The Tejadas arrive in the middle of a blizzard and there is no one to meet them. The officers at the small post are not exactly welcoming, nor were they expecting a woman - certainly not a pregnant woman with leftist leanings, (all documented in her file). Since there are no adequate quarters for a married couple, the two find lodgings at a local fonda. Tejada takes command of the small force, which appears to be sorely lacking in discipline. He also discovers that the former Guardia commander was killed by the maquis, the Republican guerillas, who still operate in the pine forests and periodically shoot at the patrols. Although the war has been over for almost two years, the small town is a center of smuggling and guerrilla activities. Sergeant Márquez, Tejada's immediate subordinate, is a man of questionable judgement, and the other officers, although good at following orders, are limited.
Within days of the Tejada's arrival, it is discovered that two shipments of dynamite have been stolen from Devastated Regions, a government agency responsible for rebuilding what the war destroyed. In the Devra Valley almost everything was destroyed. Carlos is beside himself. If the maquis have taken the dynamite, then every bridge and building in the area are in danger. Events really seem out of control when the corpse of a local man is found by the river. Unfortunately, Elena discovers the body.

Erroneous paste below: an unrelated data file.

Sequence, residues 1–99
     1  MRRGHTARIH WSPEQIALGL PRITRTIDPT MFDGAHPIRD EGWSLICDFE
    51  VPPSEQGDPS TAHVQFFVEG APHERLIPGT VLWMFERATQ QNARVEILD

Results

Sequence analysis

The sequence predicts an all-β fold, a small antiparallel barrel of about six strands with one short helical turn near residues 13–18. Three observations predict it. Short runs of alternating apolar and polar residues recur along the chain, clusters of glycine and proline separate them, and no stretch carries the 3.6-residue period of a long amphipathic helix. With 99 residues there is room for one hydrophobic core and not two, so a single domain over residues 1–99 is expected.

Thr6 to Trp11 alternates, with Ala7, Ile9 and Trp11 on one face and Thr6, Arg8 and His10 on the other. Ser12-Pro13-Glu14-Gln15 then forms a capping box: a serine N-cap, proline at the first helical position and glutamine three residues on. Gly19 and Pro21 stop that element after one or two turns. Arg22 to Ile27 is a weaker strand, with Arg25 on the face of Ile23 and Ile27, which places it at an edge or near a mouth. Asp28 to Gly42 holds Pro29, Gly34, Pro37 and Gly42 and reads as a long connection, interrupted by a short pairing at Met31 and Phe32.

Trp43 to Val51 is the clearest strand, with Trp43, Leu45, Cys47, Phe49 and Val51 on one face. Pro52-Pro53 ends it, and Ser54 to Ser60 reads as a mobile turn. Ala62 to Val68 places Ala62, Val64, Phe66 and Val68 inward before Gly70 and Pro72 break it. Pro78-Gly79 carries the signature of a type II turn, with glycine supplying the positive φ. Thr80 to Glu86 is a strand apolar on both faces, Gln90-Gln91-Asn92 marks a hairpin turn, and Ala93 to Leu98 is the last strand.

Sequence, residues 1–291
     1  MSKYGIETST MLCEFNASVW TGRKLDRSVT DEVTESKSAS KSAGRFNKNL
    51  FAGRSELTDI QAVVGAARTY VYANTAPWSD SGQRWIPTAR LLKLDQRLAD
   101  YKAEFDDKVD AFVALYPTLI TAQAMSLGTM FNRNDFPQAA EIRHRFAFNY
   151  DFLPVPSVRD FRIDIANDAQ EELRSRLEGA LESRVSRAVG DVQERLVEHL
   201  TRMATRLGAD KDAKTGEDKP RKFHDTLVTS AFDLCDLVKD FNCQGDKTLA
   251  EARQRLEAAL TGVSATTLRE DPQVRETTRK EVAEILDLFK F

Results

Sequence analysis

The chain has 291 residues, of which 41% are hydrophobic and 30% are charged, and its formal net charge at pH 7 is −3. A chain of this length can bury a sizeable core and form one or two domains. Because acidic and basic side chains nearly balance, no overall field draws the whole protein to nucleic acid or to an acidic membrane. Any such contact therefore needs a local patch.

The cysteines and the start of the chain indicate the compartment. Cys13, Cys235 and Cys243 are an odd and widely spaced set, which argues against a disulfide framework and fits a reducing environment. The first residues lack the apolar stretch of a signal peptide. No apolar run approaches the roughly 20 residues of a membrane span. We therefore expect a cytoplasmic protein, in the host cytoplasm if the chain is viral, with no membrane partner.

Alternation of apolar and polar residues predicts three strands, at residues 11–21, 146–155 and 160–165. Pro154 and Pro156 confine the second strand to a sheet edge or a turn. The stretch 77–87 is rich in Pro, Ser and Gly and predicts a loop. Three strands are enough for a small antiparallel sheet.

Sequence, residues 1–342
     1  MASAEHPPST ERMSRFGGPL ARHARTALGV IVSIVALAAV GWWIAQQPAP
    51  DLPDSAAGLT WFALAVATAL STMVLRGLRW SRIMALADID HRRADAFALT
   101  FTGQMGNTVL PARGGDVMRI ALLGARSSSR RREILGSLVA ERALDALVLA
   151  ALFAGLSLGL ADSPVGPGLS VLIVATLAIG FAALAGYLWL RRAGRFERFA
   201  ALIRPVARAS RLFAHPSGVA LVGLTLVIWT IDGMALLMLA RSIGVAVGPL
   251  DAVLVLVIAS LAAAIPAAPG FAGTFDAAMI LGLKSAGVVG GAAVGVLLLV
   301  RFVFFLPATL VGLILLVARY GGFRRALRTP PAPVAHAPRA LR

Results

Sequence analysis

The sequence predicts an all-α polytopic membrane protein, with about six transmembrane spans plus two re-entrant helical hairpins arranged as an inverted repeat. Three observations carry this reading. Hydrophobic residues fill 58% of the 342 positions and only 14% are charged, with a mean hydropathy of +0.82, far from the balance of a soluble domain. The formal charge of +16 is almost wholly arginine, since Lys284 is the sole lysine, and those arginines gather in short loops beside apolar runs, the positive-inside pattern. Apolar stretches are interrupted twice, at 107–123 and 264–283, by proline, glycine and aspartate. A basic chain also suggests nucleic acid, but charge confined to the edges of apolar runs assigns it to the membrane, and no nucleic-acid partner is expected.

Elena has become caught up in the problems of the town's inhabitants, who shun the Guardia...and her. She is obviously lonely, and her politics and friendly nature make her extremely sympathetic to the locals and their various plights. She discusses opening a school with the area's priest and, perhaps, teaching there.
This rich historical novel is much more than a mystery, although the sleuth-work and suspense are riveting. The characters themselves are the story - and a most compelling one. Obviously Carlos and Elena go through an adjustment period, as do all newlyweds. However, it is rare that a Falangist Guardia Civil officer and a Socialist, university educated woman, choose to make their lives together - at least not in the early 1940s in Franco's Spain. Their commitment to each other, however, to form a good life together, in spite of their differences, seems to me to symbolize the future hope of Spain. The supporting cast and sub-plots are also extremely compelling. Ms. Pawel spent more than a month in Potes, researching her novel. Highly recommended!
- Amazon readers rating: from 3 reviews
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Bibliography: (with links to Amazon.com)
- Death of a Nationalist (2003)
- Law of Return (2004)
- The Watcher in the Pine (February 2005)
- The Summer Snow (February 2006)
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- Official website for Rebecca Pawel
- Cara Black Blog interview questions for Rebecca Pawel
- The New York Sun profile of Rebecca Pawel
- BrothersJudd.com review of Death of a Nationalist
- MostlyFiction.com's review of The Summer Snow
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About the Author:
Rebecca Pawel was born in 1977 and was raised in New York City. She spent a summer studying in Madrid in 1994 and fell in love with Spain. She also majored in Spanish language and literature at Columbia University.
Death of a Nationalist was nominated for Best first Novel for both the 2004 Anthony and 2004 Macavity, and won the 2004 Edgar Best First Novel. It was also a finalist for the LA Times Best Mystery.
She currently a teacher at the High School for Enterpirse, Business and Technology in New York City.